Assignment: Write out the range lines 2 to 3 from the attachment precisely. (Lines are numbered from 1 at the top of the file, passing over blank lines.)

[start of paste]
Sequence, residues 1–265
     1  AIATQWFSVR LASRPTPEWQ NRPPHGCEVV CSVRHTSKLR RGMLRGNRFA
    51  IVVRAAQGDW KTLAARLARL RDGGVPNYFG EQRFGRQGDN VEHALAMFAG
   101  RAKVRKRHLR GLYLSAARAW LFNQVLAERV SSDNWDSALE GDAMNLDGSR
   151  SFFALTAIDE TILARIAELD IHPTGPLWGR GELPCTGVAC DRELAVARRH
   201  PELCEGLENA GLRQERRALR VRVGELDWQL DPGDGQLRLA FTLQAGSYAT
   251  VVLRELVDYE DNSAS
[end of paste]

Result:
     1  AIATQWFSVR LASRPTPEWQ NRPPHGCEVV CSVRHTSKLR RGMLRGNRFA
    51  IVVRAAQGDW KTLAARLARL RDGGVPNYFG EQRFGRQGDN VEHALAMFAG